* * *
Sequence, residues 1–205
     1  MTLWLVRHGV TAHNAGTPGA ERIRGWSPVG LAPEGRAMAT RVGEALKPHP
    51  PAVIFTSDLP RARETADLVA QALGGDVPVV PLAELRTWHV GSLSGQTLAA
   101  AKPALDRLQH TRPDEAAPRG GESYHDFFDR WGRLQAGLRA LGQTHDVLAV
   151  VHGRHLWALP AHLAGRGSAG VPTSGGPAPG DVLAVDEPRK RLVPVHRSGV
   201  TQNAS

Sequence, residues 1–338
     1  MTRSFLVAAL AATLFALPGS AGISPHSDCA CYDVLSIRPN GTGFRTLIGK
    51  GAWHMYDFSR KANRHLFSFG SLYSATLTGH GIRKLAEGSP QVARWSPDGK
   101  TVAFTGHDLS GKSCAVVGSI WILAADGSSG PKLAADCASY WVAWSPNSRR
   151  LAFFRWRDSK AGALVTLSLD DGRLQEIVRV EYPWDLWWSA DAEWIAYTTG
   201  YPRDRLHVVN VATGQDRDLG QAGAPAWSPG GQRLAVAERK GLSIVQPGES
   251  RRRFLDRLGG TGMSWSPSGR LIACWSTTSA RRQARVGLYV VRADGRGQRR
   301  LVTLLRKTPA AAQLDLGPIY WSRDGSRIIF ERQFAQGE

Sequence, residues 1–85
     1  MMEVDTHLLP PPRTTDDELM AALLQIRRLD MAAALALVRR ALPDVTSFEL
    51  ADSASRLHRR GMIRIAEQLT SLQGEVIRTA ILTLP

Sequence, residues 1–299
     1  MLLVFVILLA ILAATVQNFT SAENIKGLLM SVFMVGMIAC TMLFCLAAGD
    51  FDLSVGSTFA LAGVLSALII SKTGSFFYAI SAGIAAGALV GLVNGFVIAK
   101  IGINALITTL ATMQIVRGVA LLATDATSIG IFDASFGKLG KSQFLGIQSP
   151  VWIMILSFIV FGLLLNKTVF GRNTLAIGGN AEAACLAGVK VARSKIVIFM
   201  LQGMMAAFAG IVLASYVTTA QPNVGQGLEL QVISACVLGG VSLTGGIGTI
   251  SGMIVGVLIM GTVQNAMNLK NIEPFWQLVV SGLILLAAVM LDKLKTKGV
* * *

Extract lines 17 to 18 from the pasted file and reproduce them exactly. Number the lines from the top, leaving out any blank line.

    51  ADSASRLHRR GMIRIAEQLT SLQGEVIRTA ILTLP

Sequence, residues 1–299